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Making Italian AmericaConsumer Culture and the Production of Ethnic Identities$
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Simone Cinotto

Print publication date: 2014

Print ISBN-13: 9780823256235

Published to Fordham Scholarship Online: September 2014

DOI: 10.5422/fordham/9780823256235.001.0001

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PRINTED FROM FORDHAM SCHOLARSHIP ONLINE (www.fordham.universitypressscholarship.com). (c) Copyright Fordham University Press, 2021. All Rights Reserved. An individual user may print out a PDF of a single chapter of a monograph in FSO for personal use.date: 27 July 2021

Making Space for Domesticity

Making Space for Domesticity

House Hold Goods in Working-Class Italian American Homes, 1900–1940

(p.57) 2 Making Space for Domesticity
Making Italian America

Tirabassi Maddalena

Fordham University Press

Early-twentieth-century Italian immigrants to the United States experienced a shift from the preindustrial culture of subsistence to one of mass consumption. The home was one of the key places where this change was most visible and tangible. The essay is an attempt to deconstruct American culture from the bottom up by analyzing through immigrants’ adjustment to U.S. consumer society the interplay of Old World culture with a modern environment and showing how transnational relationships with Italy brought to the development of “glocal” identities still at work. In so doing, the chapter follows the recent transnational research, carried on both in Italy and in the United States, by exploring the beginnings of Italian American consumerism in the domestic realm. Leaving behind them a world of scarcity with few available objects, Italian immigrant women developed a distinctive domesticity in urban America. By transforming their material culture into an Italian American lifestyle, immigrants created a unique, coherent identity.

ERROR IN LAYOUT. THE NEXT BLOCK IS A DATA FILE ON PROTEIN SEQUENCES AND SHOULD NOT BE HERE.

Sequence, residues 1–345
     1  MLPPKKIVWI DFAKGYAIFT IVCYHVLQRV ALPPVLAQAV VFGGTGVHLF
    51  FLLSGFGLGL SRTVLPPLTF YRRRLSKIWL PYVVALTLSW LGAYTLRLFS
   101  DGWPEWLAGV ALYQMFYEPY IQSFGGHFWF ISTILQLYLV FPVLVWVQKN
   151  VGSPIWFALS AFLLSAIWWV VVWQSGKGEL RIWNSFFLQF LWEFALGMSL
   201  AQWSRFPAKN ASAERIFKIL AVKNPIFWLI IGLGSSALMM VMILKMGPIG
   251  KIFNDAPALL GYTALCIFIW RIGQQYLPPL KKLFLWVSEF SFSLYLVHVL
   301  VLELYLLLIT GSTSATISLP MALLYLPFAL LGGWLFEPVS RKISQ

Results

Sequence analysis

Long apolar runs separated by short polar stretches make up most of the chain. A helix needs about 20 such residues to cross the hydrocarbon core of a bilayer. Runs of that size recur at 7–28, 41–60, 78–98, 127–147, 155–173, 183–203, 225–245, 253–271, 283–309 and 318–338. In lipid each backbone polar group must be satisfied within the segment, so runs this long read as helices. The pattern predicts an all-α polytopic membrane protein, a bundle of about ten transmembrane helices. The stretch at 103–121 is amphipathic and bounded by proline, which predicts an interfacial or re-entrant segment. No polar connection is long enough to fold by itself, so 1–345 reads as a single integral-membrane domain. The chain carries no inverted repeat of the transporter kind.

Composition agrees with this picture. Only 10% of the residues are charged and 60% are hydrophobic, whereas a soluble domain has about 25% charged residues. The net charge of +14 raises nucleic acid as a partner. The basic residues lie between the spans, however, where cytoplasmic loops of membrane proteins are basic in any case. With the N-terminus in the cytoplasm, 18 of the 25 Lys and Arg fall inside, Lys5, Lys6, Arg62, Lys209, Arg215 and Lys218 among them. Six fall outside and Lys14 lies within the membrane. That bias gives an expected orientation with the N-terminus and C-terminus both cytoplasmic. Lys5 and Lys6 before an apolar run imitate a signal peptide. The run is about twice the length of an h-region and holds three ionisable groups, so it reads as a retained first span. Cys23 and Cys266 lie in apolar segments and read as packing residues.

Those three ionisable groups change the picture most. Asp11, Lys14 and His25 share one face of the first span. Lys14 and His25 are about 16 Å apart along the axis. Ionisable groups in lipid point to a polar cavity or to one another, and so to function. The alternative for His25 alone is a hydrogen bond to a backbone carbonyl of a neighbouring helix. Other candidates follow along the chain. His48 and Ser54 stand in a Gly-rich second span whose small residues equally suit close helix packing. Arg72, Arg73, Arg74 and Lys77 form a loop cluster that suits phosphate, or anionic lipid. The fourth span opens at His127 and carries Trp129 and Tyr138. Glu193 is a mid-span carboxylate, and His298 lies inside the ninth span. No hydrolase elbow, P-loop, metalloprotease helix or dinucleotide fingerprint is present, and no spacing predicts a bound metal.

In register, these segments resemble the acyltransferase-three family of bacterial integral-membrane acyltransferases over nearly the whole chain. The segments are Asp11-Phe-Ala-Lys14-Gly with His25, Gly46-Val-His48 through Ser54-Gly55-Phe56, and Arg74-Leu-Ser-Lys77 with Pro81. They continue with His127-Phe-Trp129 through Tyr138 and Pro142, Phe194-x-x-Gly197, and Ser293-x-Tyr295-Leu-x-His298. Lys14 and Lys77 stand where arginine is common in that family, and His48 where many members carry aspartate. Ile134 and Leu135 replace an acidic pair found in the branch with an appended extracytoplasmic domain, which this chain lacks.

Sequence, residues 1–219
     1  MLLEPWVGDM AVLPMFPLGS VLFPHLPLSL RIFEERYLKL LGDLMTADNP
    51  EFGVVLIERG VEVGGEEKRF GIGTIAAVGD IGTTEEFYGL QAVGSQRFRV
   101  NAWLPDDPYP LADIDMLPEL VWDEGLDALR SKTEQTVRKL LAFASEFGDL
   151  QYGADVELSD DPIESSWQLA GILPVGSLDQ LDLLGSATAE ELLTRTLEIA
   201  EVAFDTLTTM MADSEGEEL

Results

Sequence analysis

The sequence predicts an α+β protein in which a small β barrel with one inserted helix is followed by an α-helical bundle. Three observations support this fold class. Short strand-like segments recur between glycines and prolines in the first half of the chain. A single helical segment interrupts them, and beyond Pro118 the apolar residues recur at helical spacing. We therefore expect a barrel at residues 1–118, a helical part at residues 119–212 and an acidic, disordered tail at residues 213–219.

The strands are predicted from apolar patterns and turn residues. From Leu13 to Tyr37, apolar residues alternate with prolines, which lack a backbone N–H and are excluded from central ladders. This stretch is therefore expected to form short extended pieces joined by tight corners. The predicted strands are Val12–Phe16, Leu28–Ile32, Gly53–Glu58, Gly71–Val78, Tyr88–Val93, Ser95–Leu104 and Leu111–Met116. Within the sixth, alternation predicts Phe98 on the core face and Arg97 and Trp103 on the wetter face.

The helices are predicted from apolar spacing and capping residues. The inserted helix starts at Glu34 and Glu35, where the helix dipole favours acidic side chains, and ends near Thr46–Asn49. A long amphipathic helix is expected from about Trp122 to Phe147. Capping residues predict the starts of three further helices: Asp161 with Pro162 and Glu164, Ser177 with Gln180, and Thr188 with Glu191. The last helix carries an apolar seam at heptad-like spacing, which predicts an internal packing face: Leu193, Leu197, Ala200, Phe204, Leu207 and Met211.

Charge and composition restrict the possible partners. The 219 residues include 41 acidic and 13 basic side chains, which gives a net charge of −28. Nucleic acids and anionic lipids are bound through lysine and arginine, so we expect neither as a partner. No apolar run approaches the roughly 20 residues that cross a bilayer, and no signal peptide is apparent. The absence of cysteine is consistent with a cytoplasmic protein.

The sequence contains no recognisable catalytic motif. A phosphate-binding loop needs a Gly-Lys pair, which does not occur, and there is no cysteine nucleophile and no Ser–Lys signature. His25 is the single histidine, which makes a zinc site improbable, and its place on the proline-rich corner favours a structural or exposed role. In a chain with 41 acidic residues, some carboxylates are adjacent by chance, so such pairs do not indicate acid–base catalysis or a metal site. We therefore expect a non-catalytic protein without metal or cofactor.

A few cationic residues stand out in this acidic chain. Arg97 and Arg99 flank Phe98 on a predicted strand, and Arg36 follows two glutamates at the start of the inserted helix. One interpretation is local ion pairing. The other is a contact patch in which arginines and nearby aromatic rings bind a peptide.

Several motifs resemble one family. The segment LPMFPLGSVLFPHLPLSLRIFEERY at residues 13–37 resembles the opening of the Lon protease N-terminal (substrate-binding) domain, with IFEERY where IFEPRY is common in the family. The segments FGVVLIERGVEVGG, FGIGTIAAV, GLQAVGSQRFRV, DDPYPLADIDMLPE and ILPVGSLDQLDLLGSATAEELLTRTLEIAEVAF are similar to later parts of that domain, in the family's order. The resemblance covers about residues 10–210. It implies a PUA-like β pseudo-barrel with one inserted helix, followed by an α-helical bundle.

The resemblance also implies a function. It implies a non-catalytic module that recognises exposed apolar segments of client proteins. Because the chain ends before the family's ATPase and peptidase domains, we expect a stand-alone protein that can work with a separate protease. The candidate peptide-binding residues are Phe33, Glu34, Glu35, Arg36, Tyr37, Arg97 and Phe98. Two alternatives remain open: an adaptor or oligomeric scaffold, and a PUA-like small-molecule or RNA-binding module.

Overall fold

Keywords:   working-class home, material culture, folklore, Italian Americans, consumer culture, immigrant women, household appliances, furniture, and decorations, domesticity, immigration, ethnicity, taste

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